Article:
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Thorax 61:96-97 doi:10.1136/thx.2005.049502
  • Editorial

Why does airway inflammation persist after the smoking stops?

  1. J C Hogg
  1. Correspondence to:
    Professor J C Hogg
    McDonald Research Laboratories, St Paul’s Hospital, Vancouver, Canada, V6Z 1Y6; jhogg{at}mrl.ubc.ca

    Important new observations on the behaviour of T lymphocytes and plasma cells following prolonged smoking cessation in patients with COPD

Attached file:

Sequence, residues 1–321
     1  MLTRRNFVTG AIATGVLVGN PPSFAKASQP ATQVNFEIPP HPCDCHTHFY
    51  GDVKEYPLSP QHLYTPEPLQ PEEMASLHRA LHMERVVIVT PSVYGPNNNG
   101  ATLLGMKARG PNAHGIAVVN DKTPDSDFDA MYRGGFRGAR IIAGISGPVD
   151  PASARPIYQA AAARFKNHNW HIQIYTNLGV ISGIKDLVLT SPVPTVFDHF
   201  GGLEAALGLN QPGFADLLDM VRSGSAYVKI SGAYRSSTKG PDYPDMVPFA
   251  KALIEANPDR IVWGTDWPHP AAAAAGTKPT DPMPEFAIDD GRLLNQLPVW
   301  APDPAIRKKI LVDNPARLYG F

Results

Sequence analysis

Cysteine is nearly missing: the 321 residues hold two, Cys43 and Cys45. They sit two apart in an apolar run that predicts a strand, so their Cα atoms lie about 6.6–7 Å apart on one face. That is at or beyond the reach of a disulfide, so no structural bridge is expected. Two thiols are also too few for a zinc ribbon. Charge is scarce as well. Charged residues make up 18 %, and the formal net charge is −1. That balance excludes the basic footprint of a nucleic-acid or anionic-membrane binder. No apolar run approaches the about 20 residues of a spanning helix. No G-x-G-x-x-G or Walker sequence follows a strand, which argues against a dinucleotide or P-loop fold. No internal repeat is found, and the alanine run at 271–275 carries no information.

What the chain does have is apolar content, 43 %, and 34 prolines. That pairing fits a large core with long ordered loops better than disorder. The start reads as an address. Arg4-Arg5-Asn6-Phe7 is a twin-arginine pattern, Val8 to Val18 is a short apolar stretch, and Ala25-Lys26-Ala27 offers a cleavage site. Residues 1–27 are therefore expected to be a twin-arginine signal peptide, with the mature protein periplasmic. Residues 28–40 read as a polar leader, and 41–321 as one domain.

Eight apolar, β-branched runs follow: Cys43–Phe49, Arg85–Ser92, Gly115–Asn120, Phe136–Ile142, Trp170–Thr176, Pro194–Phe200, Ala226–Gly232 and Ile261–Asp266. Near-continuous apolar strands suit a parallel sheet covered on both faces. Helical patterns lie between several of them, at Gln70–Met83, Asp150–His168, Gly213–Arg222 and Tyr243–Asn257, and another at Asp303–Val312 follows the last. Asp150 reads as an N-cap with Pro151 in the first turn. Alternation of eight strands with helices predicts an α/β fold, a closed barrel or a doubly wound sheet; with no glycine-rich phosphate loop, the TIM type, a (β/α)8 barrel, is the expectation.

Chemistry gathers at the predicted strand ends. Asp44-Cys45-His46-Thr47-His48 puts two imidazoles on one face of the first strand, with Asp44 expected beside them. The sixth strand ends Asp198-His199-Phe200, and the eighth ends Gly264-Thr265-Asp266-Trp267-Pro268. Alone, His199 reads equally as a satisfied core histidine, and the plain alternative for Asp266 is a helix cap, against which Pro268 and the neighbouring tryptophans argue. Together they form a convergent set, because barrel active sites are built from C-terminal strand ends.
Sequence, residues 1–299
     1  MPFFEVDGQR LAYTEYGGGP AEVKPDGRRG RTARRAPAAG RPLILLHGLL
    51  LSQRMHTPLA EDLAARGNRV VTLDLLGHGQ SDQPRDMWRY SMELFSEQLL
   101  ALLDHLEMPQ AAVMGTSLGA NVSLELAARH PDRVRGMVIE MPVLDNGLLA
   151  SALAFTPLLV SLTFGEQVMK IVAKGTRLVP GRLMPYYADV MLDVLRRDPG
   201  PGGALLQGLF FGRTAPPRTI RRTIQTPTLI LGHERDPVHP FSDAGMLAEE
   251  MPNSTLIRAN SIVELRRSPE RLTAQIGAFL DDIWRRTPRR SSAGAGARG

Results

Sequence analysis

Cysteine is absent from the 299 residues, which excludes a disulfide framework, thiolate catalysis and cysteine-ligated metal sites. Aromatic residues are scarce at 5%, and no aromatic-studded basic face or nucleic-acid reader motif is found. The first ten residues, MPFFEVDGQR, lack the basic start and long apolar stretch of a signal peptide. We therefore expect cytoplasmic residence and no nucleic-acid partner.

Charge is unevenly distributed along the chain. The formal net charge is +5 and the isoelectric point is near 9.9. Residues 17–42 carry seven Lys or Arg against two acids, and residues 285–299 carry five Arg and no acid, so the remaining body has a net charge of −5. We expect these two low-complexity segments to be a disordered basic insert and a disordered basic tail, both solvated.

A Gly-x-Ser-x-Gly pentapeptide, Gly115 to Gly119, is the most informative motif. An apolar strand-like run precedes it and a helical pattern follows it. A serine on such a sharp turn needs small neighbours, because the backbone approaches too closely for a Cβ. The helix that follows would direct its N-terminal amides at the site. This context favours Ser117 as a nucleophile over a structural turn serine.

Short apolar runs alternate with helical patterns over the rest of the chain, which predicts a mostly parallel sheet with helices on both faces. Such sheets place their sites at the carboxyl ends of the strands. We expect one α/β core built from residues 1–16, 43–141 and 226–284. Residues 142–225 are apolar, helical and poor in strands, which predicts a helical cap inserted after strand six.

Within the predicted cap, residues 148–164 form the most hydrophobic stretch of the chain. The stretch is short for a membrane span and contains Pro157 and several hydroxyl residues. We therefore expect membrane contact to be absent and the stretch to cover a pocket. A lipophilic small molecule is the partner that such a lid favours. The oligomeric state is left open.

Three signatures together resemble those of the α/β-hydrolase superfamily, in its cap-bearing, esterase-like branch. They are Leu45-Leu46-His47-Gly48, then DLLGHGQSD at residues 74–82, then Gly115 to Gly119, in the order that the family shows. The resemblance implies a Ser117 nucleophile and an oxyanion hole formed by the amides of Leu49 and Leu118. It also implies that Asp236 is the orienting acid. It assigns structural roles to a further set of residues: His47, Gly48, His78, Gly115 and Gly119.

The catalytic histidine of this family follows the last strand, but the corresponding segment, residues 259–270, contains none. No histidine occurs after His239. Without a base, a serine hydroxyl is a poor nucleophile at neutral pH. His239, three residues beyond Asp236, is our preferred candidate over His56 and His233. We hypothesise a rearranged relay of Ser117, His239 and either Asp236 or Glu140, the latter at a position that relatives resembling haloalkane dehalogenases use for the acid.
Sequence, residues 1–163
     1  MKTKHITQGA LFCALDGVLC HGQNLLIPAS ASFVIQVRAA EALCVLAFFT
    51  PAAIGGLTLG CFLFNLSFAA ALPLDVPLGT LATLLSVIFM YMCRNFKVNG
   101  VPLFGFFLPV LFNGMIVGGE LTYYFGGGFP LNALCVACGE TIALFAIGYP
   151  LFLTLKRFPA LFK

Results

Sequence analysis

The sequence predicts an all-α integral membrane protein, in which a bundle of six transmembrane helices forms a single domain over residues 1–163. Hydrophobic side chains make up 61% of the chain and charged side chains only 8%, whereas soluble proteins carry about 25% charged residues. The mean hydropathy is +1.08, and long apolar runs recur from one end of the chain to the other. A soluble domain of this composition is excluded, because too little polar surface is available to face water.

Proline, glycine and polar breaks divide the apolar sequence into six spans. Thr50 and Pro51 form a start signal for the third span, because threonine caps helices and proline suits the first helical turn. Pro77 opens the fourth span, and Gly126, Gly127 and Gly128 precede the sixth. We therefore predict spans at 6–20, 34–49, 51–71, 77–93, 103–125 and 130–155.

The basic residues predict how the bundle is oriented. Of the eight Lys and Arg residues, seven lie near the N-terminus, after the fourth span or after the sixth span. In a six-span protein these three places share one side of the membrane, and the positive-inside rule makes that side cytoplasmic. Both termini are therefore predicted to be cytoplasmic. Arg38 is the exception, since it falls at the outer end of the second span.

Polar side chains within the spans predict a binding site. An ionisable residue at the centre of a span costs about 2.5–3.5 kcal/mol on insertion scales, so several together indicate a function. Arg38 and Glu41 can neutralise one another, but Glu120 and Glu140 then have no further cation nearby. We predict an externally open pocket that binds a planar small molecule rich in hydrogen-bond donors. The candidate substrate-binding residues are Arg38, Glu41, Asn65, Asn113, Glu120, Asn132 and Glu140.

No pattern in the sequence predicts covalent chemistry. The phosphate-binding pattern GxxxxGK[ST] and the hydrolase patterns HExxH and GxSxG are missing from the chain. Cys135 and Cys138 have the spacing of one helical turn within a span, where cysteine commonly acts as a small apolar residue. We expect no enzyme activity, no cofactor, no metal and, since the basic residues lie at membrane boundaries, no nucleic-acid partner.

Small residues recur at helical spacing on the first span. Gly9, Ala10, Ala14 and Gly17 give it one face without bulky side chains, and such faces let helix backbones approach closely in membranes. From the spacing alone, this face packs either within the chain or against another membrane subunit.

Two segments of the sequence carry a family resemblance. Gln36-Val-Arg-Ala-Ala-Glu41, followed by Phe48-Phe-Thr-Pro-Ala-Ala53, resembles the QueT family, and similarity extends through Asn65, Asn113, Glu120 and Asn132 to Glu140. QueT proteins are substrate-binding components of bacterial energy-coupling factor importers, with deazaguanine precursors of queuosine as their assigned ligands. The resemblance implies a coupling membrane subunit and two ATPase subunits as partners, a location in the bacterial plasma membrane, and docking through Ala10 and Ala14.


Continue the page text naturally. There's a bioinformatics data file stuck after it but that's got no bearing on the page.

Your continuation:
The toxic gases and particles generated in tobacco smoke come into contact with lung tissues each time a puff of smoke is inhaled, and this tissue injury recurs in a cyclic fashion as each cigarette is smoked. A 20 pack year smoking history indicates that the subject’s lungs have received 20 of these short cyclic exposures per day for a cumulative total of 7300 exposures per year and 146 000 exposures over the lifetime of their smoking habit. This complex pattern of acute upon chronic inhalation injury reduces the innate defences of the lung by interfering with mucociliary clearance,1 diminishing the inflammatory cytokine response to other stimuli,2 and disrupting the epithelial barrier.3,4 The tissue damaged by the smoke becomes infiltrated with innate and adaptive inflammatory immune cells and, even though tobacco smoke exposure may suppress the immune response,5 the lymphoid cells collect to form the follicles with germinal centres that document the presence of the adaptive immune response.6 The antigens that drive this immune response have …